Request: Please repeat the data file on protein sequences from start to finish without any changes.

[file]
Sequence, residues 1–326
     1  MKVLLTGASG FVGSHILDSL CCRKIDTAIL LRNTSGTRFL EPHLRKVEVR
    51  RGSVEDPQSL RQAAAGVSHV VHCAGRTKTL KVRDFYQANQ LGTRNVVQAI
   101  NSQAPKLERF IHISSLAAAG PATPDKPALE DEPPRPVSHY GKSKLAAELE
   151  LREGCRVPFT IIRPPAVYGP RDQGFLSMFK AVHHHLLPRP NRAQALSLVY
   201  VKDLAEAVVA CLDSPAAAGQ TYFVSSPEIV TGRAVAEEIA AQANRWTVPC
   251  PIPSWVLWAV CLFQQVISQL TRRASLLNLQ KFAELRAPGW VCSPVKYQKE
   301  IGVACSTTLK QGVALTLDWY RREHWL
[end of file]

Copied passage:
Sequence, residues 1–326
     1  MKVLLTGASG FVGSHILDSL CCRKIDTAIL LRNTSGTRFL EPHLRKVEVR
    51  RGSVEDPQSL RQAAAGVSHV VHCAGRTKTL KVRDFYQANQ LGTRNVVQAI
   101  NSQAPKLERF IHISSLAAAG PATPDKPALE DEPPRPVSHY GKSKLAAELE
   151  LREGCRVPFT IIRPPAVYGP RDQGFLSMFK AVHHHLLPRP NRAQALSLVY
   201  VKDLAEAVVA CLDSPAAAGQ TYFVSSPEIV TGRAVAEEIA AQANRWTVPC
   251  PIPSWVLWAV CLFQQVISQL TRRASLLNLQ KFAELRAPGW VCSPVKYQKE
   301  IGVACSTTLK QGVALTLDWY RREHWL